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Q&A: DJ Set Free Richardson

The popular artist/filmmaker speaks on how this summer's social justice movements and his friendships with NBA players inspired his 'Play For Change' logo

Sekou Smith

Sekou Smith

ORLANDO, Fla. — Long after the final buzzer goes off in the NBA bubble, a champion is crowned and we close the curtain on the longest season in the history of the league, the movement will go on.

The decision to restart and complete the 2019-20 season wasn’t as much about basketball for the players as it was about staying vigilant and amplifying the social justice messages they championed in the wake of the George Floyd murder.

How do you maintain momentum when the ball stops bouncing and the cameras are on longer pointed in your direction?

What can you do to leverage your power and influence to affect meaningful change in communities far from this basketball ecosystem that served for months as an incubator for the initiatives?

For the players, you forge relationships outside of the basketball world and you join forces with other members of that coalition seeking to impact change.

You align yourself with people like DJ Set Free Richardson, the inspiration and the individual behind the development of the new Play for Change” campaign and logo, an idea from his creative group — The Compound — in partnership with the NBPA.

Richardson, a noted artist/filmmaker/marketing guru and gallery owner (frequented by Kevin Durant, Carmelo Anthony among many others), is also the creator of the AND 1 Mixtapes. He’s also a celebrated music DJ and fashion designer (see popular number 7 caps) who served as the lead on creative ad campaigns for Nike, adidas, New Era and EA Sports.

Given his history with players past and present, he knew the time was right for something more than just a symbolic gesture to capture this moment in history — whatever comes next.

Richardson took time out of his busy schedule editing a major sports and culture documentary to share some history, insights, observations and much more in this conversation with NBA.com‘s Sekou Smith.

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Sekou Smith: Being down here in Florida, my senses are heightened. I’m observing every little thing, so when I see logos on T-shirts and sweatshirts, I’m wondering what the genesis was for the “Play for Change” logo and name?

Set Free Richardson: Well, it started with COVID, right? COVID came and then the league was like, should we play, should we not play? And I was like, “Wow.” I always think, “How can something be made to address something?” Then I was like, “Okay.” So the first thing was just making a logo to represent the league because the Jerry West logo is legendary. It is what it is, but it just only speaks to basketball. And then, I was like, “It’s not like a player logo that can address problems when they happen.” And then George Floyd happened. So I was like, “Wow.” Players was protesting, but they still didn’t have a mark. And, of course, we connected with players and just everybody, we all connected with Black Lives Matter. But I just thought the athletes, they didn’t have a mark.

So it was heavily influenced by what you saw and heard from the players?

I loved what LeBron [James] was saying, and just everybody I’m talking of, the players, from Carmelo to Kevin, just all the players that I’m friends with. And I was like, “You know what? I’m going to create a logo.” And it was combined from the ideology of the NBA logo, the Jump Man logo, and then the Olympics, when [John Carlos and Tommie Smith] raised those fists in the air that said Black Power.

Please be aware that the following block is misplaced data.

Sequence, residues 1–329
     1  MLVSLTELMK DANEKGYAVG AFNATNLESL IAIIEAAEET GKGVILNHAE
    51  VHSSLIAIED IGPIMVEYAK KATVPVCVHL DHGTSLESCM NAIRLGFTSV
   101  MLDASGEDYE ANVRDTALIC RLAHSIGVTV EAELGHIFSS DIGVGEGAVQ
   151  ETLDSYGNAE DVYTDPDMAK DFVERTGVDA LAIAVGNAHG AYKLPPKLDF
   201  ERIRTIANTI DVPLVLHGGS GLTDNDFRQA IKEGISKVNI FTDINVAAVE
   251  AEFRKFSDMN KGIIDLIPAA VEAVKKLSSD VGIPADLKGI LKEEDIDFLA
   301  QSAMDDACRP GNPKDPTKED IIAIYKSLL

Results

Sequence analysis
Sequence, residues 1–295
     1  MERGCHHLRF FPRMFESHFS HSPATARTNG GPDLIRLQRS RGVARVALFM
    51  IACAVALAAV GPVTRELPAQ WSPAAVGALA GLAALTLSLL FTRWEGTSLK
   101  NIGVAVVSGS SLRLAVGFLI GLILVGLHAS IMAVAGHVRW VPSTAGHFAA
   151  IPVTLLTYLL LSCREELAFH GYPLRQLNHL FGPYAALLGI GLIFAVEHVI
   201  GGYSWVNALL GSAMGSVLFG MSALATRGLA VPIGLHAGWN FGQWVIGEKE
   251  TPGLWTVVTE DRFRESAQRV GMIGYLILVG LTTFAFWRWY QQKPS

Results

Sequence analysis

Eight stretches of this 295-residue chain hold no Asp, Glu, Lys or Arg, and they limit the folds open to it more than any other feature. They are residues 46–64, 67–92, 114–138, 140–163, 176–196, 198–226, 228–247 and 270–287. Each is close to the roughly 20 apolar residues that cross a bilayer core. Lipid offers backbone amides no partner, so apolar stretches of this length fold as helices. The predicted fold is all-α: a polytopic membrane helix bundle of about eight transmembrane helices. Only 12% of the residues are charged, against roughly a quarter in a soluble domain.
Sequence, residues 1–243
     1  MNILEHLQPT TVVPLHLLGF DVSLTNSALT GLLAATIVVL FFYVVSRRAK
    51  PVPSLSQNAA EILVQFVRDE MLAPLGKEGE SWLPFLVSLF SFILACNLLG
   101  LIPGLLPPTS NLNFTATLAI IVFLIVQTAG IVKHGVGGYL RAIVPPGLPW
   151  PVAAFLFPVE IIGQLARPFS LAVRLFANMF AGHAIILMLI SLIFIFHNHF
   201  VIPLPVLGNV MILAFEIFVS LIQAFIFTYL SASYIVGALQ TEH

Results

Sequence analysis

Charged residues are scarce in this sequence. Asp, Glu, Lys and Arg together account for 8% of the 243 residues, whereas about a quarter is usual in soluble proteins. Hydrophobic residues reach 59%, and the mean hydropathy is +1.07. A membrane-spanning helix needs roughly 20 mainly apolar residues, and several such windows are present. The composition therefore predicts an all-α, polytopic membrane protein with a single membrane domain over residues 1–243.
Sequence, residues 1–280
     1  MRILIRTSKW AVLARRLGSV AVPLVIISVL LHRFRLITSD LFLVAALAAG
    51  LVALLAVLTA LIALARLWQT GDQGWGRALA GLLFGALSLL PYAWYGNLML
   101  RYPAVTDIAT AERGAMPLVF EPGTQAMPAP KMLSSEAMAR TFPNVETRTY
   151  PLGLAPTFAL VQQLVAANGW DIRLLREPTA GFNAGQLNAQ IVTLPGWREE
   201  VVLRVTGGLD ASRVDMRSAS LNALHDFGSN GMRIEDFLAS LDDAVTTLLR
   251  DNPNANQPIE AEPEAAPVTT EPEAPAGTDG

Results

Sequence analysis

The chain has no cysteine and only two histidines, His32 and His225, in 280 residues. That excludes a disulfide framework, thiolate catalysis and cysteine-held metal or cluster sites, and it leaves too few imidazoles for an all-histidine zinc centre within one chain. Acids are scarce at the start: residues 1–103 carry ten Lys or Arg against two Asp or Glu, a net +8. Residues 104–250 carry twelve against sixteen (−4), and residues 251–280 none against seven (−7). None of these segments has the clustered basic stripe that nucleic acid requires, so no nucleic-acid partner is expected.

Is there some significance to the silhouette logo, something that gives it a certain kind of recognition as a logo?

Silhouette logos are just … from Nike to the Rasheed Wallace, to LeBron even, has the silhouette logo. So it was just the powerful DNA, silhouette logos, to the history of logos. So then, Kyrie Irving was getting a lot of press and he was like, “You know, we don’t feel we should play right now..” So the first idea of the logo, when I thought about the silhouette and then the fist raised, I had the saying like, “Hold the rock” and “Don’t stop the rock,” because Kyrie basically said, “Let’s hold the rock and deal with what’s going on in the streets right now.”

Once they decided to come here to Orlando and restart the season you shifted again?

Yes, there are always two sides to things. If they were going to play and use their voices for to amplify a message about change, I wanted to capture that as well. Now I’ve got both sides If you’re not going to play, you hold the rock. If you do play, the fist represents your voice and it’s speaking you to give truth for what you believe in and what’s going on. And that’s when the slogan “Play for Change” came from, because now I felt like I can represent both sides of the ball, both sides of the players’ views, and I have the logo that combines everything. And not just social justice, because I see it can go broader. It started because of social justice, but if players want to voice something about breast cancer, they want to voice something about healthcare, or police brutality, now there’s a logo that we can connect to all these things.

It sounds like you felt the need to find something to help focus all these different perspectives and energies into something easier for people to absorb and comprehend?

Yeah. For me, I totally felt like it, you know. A lot of these players are my friends. A magnifying glass was on their voices and what they were saying, but there wasn’t an image for them. If you look at the image in Play for Change, you get it from just looking at it. You’ll understand it, like, “Oh, I get what this is about.” So I definitely felt like, and if I could be the one that come up with something to help magnify their voices, I feel like I’m pointing in the direction of doing a good job.